I am always skeptical of books that rely on other popular books for recognition or ideas, so I was a little wary when I picked up A Jane Austen Education: How Six Novels Taught Me About Love, Friendship, and the Things That Really Matter (2011) by William Deresiewicz. It didn't help that Deresiewicz admitted that he disdained chick lit Austen until he was forced to read her in graduate school. What was I going to learn from some close-minded, literature snob about books that I already knew that I loved? But I was also curious about his perspective.
And for the most part, I liked it. Deresiewicz looked at Austen's six major works and related them to revelations he had about his own life. There is a short description of each novel and liberal Austen quotes, along with some insight into Austen's life and where she was when she wrote each book. I may have enjoyed this book as much as I did because I loved the reminder of all the best parts of all of Austen's novels. I now really need to read Persuasion again. I haven't read that one in forever.
I'm not sure if I buy the author's entire set up, though. The clueless author read Austen's oeuvre and learned how to live his life. He was able to grow up, become a better friend, and fall in love. All because of Austen! It all seemed to fit a preconceived format a little too perfectly. I liked his analysis of Austen's books and I liked hearing about his life. However, I always thought of Austen as someone who understood and could describe human character with amazing wit and language. Austen was in the business of showing us what we already know about the world. And the amazing thing about her is that even hundreds of years later, what her characters do and say still ring true. I didn't need to read Persuasion to know that it's better to be honest with your friends. But when I read Austen, I can see people I know in her characters and they are so real and so loveable or irritating that they are unforgettable.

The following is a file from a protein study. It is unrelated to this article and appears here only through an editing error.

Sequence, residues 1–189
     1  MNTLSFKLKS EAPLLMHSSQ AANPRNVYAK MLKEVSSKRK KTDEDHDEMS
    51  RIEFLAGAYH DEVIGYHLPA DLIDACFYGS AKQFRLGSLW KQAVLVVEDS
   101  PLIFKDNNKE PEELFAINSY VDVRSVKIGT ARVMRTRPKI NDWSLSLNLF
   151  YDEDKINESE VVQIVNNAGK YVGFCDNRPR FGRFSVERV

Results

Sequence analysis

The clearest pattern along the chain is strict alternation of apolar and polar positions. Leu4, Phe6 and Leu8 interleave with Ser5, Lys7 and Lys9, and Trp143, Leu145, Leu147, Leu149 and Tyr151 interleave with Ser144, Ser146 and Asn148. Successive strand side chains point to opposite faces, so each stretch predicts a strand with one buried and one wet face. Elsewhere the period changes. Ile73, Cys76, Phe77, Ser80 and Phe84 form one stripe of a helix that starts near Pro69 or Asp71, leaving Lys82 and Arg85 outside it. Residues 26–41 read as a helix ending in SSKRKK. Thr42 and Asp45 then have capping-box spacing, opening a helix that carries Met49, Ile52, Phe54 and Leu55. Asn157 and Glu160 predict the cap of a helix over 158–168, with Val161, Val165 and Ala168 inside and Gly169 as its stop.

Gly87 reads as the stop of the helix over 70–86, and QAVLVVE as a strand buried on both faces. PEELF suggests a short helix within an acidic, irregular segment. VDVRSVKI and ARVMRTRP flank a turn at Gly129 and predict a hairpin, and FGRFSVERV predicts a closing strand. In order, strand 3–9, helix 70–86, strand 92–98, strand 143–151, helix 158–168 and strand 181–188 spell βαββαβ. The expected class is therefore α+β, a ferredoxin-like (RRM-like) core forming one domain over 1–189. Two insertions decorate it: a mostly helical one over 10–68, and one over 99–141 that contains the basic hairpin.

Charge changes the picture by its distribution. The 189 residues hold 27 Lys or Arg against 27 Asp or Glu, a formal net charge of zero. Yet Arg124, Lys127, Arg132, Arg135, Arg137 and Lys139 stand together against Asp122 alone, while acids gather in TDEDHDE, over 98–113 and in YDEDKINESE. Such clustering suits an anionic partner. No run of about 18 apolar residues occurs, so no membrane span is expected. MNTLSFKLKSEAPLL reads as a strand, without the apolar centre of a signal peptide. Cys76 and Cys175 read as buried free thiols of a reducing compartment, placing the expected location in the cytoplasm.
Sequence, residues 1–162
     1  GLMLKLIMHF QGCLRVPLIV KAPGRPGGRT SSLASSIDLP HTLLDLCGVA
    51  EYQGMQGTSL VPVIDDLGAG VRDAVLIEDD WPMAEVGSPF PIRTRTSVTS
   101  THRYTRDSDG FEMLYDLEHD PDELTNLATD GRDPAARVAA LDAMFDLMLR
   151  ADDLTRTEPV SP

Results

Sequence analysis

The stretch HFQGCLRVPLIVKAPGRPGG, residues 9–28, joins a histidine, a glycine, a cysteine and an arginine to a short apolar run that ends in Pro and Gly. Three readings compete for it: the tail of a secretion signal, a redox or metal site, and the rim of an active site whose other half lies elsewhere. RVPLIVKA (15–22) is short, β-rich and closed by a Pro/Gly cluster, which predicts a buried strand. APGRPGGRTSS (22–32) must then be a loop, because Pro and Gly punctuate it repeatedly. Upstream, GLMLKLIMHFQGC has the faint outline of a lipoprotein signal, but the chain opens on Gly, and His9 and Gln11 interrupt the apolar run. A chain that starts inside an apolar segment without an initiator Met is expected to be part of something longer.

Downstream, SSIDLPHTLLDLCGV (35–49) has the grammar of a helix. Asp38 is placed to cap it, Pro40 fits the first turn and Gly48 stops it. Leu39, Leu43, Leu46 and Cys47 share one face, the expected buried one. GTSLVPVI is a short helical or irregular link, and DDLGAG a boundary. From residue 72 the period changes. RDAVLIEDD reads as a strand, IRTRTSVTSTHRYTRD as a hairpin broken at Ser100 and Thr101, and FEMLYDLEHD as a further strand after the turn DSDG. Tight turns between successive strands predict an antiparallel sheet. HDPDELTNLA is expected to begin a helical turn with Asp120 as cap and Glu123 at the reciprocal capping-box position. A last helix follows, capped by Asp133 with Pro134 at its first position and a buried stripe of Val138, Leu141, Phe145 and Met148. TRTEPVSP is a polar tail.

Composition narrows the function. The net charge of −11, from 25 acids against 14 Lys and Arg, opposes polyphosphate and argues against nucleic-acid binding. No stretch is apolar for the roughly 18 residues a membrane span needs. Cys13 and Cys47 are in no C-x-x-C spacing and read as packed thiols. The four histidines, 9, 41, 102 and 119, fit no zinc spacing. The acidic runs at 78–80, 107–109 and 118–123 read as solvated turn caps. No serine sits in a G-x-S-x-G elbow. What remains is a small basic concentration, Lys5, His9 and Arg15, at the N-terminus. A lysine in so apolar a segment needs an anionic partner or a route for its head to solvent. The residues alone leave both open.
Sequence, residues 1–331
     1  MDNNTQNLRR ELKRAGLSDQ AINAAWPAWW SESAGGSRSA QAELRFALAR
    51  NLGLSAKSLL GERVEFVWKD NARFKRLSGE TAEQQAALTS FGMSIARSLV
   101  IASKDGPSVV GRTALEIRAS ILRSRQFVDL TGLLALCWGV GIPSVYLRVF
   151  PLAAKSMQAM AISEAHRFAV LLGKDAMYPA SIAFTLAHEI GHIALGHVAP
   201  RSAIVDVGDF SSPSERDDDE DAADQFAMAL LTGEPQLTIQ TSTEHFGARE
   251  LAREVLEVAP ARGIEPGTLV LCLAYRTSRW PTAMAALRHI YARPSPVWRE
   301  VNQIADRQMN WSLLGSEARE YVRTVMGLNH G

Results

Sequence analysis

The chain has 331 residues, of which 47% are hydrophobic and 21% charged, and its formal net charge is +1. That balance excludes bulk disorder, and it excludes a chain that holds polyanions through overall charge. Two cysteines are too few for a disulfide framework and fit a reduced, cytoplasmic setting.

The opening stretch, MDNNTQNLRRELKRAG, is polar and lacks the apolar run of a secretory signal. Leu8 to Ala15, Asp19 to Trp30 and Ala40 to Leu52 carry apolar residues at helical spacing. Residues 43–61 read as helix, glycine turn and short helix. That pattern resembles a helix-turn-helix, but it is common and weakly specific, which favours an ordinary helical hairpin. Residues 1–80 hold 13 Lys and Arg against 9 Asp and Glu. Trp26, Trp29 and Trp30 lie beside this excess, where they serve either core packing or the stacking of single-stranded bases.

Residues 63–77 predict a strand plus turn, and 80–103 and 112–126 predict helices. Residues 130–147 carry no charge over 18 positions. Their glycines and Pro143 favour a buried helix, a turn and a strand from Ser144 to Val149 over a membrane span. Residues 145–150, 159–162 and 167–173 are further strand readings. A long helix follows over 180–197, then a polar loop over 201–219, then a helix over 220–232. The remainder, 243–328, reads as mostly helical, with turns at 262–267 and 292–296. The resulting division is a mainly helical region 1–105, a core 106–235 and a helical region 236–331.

Deresiewicz declared that true friendship today, "means unconditional acceptance and support...But Austen didn't believe that...Yes, the true friend wants you to be happy, but being happy and feeling good about yourself are not the same things...True friends do not shield you from your mistakes." (194) I completely disagree with Dersiewicz here. Of course true friends are honest with you. Again, Austen didn't need to tell us that. The understanding of true friendship has not changed since Austen's time. Superficial friends tell you what they think you want to hear.
I also didn't quite understand or relate to Deresiewicz's discussion of the rich prep school friends he had right after graduate school that went along with Mansfield Park. The way the author wrote, it sounded like people with privilege and money were heartless social climbers without purpose but requiring constant entertainment. Admittedly I have never been a part of that kind of social circle, but many of the distinctions he was making just sounded like the difference between introverts and extroverts: that they couldn't sit still and contemplate themselves or the world. I find myself in an odd position when I'm defending the rich, but there must be some rich people who have managed to find purpose without caring too much about status.
All in all a good book, but mainly because of its subject matter.